And there is still something really engaging about the BIG screen, the one measured in feet, not inches. Yeah, home TV is convenient, but it doesn’t equal the big screen immersive experience when you really want to be drawn into a flick. I am glossing over a lot of negatives here about theaters.
I’m not sure theaters are dead. We heard this before (VCRs). Times are different today, but we all (ok, almost all) want to go out. A movie in a theater is a great out.
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karlb wrote: You may be right. There may be more (potential) money this way and greater control, but at some point people are going to rebel against spending for multiple streaming platforms as each studio wants their own exclusive one. We are not all going to spend $10-20 per platform times 5-10 platforms.

And there is still something really engaging about the BIG screen, the one measured in feet, not inches. Yeah, home TV is convenient, but it doesn’t equal the big screen immersive experience when you really want to be drawn into a flick. I am glossing over a lot of negatives here about theaters.
I’m not sure theaters are dead. We heard this before (VCRs). Times are different today, but we all (ok, almost all) want to go out. A movie in a theater is a great out.
VCR phobia is 40 years old. The home viewing options of modern times are incomparable.

Let us not forget that there once was a time where taking the family out to a Leafs game (a very great out back then, as they were winning cups) was very much proportionally affordable. This has no longer been the case for decades. Sure - some financially secure families still pull it off, but it is fairly well understood that working class people are no longer the staple within the arena.

Streaming platforms are getting more exclusive, and more expensive. The fact of the matter is - people will be forced to make choices. Going back to sports (which is not only expensive for live experiences, but also through multimedia), there is an entire generation that has accessed these games exclusively through free streams. For many, this isn't by choice, but out of necessity.

Looking forward - I think the big thing that will need to be reconsidered is how we handle massive vertically integrated corporate entities, especially with regards to taxation, which was never designed for such massive scale. We've long been aware that Hollywood math accounting is ridiculously skewed, but tolerated it because we wanted the entertainment industry to both thrive and grow. Companies like Disney and Amazon have basically gamed the system, using their entertainment expendatures/credits to offset payment of taxes within other divisions.

Obviously, it is difficult to prophesy the future, but I think there is a myriad of factors converging that are working against the traditional cinema screen business model. Perhaps they will recover and adapt, but I personally doubt it will ever be the same post Covid.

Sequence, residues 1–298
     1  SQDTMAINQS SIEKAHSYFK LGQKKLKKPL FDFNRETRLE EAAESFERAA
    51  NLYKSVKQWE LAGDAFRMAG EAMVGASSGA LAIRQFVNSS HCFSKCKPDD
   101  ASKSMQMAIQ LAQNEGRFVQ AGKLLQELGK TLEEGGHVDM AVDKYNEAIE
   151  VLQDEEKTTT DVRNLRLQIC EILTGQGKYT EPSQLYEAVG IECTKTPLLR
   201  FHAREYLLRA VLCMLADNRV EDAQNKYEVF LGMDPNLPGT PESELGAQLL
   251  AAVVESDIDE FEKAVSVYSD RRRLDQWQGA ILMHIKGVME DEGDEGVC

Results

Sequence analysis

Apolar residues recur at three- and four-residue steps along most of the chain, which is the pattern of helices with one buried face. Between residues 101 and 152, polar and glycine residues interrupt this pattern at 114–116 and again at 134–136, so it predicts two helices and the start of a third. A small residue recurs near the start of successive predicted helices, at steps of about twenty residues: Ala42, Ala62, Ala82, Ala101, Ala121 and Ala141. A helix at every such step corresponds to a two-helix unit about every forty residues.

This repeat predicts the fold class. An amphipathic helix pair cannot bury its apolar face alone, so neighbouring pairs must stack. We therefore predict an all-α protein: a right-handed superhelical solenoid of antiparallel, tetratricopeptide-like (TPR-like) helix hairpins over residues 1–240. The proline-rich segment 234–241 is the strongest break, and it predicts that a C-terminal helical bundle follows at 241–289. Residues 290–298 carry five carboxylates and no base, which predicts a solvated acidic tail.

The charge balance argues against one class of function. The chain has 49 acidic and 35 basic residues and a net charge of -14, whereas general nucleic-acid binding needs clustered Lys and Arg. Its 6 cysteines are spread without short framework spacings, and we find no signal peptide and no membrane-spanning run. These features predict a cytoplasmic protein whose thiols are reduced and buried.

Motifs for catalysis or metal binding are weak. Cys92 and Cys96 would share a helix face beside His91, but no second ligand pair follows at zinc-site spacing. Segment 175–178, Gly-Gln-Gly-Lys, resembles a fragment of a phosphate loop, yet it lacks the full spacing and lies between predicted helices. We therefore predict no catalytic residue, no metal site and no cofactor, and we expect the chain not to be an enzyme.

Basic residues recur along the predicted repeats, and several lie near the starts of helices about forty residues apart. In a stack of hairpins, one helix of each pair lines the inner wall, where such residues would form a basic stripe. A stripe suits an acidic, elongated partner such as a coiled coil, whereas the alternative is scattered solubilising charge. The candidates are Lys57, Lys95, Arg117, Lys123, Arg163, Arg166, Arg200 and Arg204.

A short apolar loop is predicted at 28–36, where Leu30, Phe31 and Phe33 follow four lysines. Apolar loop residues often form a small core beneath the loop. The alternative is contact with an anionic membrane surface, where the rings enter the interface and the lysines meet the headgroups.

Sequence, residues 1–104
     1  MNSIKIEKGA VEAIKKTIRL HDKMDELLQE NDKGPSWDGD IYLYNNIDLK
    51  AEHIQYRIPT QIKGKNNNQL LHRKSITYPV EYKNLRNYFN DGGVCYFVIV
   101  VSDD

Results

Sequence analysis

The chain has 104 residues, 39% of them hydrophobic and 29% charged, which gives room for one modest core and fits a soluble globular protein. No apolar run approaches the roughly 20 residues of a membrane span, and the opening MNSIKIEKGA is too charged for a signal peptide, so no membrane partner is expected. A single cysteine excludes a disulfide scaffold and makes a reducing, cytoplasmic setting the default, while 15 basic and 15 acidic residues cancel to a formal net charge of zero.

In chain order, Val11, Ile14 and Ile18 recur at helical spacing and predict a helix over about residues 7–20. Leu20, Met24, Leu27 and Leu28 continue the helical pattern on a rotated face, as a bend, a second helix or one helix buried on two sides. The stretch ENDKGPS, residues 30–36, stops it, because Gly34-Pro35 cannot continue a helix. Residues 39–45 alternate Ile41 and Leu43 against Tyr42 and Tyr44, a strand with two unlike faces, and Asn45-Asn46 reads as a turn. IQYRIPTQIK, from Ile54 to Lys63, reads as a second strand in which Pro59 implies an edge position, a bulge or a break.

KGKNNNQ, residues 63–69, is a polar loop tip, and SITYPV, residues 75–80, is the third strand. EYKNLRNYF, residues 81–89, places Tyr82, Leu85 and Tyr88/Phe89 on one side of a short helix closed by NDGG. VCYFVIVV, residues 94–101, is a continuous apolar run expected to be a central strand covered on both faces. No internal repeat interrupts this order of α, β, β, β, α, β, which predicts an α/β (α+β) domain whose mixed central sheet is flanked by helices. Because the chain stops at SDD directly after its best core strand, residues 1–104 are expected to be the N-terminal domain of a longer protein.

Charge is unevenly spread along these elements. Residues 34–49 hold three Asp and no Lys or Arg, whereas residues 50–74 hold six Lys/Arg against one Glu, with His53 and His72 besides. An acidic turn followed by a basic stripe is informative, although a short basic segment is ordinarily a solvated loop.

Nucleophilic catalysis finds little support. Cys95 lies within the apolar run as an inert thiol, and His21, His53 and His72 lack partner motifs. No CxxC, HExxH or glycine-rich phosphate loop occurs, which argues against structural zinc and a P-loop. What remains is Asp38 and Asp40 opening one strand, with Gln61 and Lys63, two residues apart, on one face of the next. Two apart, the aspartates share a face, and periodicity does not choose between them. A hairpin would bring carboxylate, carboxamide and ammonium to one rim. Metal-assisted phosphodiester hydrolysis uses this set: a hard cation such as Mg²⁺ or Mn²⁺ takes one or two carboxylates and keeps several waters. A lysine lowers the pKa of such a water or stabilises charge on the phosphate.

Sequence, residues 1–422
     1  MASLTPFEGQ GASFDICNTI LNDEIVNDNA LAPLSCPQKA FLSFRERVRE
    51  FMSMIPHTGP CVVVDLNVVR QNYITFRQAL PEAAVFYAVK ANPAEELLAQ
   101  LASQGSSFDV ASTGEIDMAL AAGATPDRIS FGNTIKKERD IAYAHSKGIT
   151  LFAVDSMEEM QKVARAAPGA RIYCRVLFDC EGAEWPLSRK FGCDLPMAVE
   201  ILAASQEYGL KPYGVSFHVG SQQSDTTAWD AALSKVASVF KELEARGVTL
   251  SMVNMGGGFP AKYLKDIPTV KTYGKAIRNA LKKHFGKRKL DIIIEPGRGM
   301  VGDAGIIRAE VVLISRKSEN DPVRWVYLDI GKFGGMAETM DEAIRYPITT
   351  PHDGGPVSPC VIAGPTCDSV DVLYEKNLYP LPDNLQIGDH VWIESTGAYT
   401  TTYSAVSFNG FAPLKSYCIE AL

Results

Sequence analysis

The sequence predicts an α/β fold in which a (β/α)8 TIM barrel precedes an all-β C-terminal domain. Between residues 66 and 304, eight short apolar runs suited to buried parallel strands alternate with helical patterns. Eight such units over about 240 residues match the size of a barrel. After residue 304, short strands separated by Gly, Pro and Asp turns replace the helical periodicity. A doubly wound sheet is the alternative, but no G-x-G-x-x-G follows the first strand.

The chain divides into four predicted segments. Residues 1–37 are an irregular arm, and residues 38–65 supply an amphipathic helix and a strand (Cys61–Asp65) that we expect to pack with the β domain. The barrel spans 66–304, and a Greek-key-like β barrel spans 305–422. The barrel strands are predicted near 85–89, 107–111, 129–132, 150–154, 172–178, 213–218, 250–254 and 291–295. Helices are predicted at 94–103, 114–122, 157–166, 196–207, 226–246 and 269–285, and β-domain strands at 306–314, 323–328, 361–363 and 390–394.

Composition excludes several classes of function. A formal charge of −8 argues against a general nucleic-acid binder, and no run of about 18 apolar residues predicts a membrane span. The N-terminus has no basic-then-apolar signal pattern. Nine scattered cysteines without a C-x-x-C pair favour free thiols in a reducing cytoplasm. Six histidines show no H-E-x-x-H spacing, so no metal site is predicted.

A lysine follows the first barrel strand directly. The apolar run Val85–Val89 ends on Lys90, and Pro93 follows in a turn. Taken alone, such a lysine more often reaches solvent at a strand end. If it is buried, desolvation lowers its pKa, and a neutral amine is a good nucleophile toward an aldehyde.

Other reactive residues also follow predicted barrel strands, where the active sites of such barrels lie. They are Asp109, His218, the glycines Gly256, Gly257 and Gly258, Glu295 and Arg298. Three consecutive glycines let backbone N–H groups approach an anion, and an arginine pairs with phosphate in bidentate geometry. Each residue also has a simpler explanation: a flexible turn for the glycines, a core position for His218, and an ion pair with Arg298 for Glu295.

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The way media is distributed is changing all the time. No one wants to pay more for their streaming platform, just like nobody wants to pay more for their network television or cable channels through their television/cable subscription. Does anyone think I really want to give Rogers more money? I should just use a OTA antenna. At least with cable & network stations, they make up some of their revenue via commercial and product placements. Streaming stations like Netflix and D+ that create original content gets their profit mainly from subscriptions. So, one needs to factor that in when they're talking about fee increases.
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2021 Will Launch the Platinum Age of Piracy
And Disney, with its rich in-person experience offerings, is poised to be the biggest winner of all.


I'd recommended the full read, but here are some snippets:
Media piracy has seen several golden ages before, including Napster’s heyday (1999-2002) and The Pirate Bay’s peak years (2003-2008), but Warner and Disney’s new strategies all but assure 2021 will be the dawning of a platinum age. What we’re about to see will go down in pirate lore forever.
This piracy boon will be good for media companies and content creators as well, even if they lose out on some ticket revenue and subscription dollars. In 2021, more people will watch films on their release date than ever before, because the Warner films will travel into homes through HBO Max and through the pirate network. Many pirates are also good fans, and they will heavily promote the Warner films they like on social media, which will drive up HBO Max subscriptions and increase the cultural value of whichever of the offerings they like best. Pirates could make some of the Warner 2021 films legends, by acting quickly to cement their reputations among movie lovers.
2021 will be a piracy bonanza, but there’s no reason to think it will be a one-time jubilee. Rather, it will mark the start of a new era for media corporations.
One company will be much better positioned than others to profit from these major changes to the media landscape: Disney. Disney is poised to use its Disney+ hits to boost not only streaming subscriptions, but ticket sales for its parks, cruises, concerts, and other live events, whenever those become safe again.